"As a company commander, I would either send a handful of Soldiers to training or, if I had enough Soldiers, I could bring trainers to us for an intelligence class that typically lasted up to three weeks," said McClellan, who faced these challenges firsthand during her time with the 4th Brigade, 2nd Infantry Division (Stryker), out of Joint Base Lewis-McChord, Wash. "That was it, and then you went back to other brigade combat team tasks which often were not intelligence related. You would have major brigade training events, but without the direct application of what you just learned from that class, it was very difficult for Soldiers to retain the information."

Another problem with the outdated model was that so much time lapsed from the start of the training cycle to the actual deployment that Soldiers ran the risk of not remaining proficient by the time they arrived in country.

"With IROC, that all changes," said McCreary. "You've got a 30-day period upfront that brings a Soldier from AIT standard to a standard level of professionalism followed by the practical application of those skills in a live environment -- all under the guidance of a commander, who has the ability to shift direction as they're going."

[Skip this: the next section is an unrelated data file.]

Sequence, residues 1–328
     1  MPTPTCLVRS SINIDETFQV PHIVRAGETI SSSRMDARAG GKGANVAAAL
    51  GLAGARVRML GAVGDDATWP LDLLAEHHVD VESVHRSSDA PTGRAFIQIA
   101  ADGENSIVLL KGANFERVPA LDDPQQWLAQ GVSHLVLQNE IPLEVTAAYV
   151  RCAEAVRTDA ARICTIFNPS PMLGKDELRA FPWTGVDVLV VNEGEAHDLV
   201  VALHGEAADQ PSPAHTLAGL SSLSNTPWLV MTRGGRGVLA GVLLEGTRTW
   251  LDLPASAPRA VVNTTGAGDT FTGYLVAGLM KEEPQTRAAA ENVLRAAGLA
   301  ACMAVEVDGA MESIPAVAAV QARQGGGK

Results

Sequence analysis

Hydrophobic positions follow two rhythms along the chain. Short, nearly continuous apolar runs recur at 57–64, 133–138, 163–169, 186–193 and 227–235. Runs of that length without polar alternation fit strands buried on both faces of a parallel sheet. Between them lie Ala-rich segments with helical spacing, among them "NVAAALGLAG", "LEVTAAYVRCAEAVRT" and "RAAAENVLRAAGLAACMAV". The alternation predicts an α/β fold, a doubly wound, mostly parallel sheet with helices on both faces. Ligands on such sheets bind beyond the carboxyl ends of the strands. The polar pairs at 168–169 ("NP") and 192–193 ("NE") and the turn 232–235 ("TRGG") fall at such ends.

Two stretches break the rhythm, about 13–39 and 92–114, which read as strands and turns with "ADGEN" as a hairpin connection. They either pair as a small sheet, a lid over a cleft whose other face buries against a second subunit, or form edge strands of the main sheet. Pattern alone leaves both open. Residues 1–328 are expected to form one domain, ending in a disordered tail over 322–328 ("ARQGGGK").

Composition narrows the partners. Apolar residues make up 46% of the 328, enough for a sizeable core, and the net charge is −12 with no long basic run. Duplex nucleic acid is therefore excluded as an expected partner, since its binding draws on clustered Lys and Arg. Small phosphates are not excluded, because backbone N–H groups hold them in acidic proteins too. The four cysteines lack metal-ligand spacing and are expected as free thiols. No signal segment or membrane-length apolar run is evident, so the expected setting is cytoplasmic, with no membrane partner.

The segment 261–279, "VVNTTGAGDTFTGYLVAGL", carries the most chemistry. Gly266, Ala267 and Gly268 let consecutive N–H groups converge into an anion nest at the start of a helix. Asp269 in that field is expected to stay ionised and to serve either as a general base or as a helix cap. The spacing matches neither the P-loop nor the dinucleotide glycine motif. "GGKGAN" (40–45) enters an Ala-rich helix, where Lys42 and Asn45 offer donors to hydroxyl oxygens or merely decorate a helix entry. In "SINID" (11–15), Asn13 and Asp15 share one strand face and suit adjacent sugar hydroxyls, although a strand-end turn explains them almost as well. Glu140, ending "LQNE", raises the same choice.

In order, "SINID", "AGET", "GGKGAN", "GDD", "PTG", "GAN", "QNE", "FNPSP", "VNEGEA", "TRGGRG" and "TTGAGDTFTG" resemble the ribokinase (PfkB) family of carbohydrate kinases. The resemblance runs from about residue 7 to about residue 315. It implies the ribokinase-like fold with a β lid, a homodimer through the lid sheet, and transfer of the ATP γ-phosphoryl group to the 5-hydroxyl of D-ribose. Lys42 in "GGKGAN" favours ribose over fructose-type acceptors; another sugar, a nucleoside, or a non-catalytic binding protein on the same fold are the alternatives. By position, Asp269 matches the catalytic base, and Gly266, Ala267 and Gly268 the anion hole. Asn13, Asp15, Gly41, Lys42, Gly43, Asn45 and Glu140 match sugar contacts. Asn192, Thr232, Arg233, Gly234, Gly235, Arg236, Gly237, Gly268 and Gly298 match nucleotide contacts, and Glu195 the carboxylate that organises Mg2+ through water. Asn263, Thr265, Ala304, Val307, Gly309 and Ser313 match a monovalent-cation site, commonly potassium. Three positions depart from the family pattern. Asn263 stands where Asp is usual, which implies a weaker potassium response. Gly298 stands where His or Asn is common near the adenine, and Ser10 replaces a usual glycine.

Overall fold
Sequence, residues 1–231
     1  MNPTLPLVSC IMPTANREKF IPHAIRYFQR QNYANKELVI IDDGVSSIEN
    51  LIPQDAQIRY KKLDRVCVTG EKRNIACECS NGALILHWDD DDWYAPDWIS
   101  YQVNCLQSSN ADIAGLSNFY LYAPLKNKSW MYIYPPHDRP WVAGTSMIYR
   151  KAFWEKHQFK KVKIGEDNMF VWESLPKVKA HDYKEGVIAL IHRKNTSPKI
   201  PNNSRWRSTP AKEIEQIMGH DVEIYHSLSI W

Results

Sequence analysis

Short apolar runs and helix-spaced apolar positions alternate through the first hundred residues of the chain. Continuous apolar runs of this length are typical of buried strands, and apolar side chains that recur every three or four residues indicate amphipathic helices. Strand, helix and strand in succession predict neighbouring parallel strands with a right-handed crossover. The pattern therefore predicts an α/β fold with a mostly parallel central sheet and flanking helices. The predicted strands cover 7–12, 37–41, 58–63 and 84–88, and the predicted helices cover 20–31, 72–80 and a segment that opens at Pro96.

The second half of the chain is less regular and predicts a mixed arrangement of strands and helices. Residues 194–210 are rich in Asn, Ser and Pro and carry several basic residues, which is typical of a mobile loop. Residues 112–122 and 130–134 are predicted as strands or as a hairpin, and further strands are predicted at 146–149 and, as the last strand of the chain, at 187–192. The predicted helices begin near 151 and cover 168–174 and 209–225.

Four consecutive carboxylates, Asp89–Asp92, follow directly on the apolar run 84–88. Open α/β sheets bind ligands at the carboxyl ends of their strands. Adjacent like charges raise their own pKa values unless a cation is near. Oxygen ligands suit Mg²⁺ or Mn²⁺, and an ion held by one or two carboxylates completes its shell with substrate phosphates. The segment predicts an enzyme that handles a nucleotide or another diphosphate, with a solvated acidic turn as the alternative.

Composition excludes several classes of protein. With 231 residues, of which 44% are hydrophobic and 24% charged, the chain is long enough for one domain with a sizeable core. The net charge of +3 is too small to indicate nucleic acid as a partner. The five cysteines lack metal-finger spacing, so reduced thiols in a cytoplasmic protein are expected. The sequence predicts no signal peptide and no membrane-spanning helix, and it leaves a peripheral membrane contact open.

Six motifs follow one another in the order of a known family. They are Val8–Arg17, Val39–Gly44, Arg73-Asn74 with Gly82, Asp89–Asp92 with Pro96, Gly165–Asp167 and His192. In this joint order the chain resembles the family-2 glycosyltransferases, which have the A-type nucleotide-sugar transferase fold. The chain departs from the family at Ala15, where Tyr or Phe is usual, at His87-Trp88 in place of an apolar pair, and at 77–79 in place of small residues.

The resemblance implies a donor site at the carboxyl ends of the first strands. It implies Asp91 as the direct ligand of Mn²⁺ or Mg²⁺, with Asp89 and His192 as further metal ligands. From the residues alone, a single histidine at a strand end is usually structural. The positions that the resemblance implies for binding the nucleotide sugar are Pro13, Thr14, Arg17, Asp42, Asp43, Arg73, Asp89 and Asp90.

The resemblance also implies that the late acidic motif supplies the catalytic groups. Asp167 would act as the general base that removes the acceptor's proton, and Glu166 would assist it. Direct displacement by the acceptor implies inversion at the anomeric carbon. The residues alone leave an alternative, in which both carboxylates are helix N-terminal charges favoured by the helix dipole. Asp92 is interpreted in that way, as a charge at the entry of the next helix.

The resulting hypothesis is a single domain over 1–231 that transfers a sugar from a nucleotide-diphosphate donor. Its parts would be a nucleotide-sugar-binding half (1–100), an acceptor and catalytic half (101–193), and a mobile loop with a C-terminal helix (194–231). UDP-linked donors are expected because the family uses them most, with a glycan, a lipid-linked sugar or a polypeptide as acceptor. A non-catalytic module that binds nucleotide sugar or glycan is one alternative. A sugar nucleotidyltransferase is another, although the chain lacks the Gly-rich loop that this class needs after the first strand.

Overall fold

Through IROC, commanders have the opportunity to constantly evaluate and assess the performance of their intelligence analysts in handling a combat mission without having to travel halfway around the world. And if a particular MI unit excels in one discipline, but isn't quite as strong in another, the commander now has the ability to adapt on the fly to give additional attention to the area in need.

"To me, the biggest benefit was having the subject-matter experts working side-by-side with Soldiers who were new to military intelligence or who weren't my strongest analysts in a very low-threat environment to build up their skills," McClellan said.

All of this translates to individual Soldiers being stronger, more productive members of an intelligence processing center, as opposed to commanders having to rely on just a few Soldiers who were naturally good at it. And when an MI unit is more well-rounded, it too becomes more effective.

"The great thing about IROC is this -- it's not only the individual who becomes a professional, it's the unit that becomes professionalized.," McCreary said.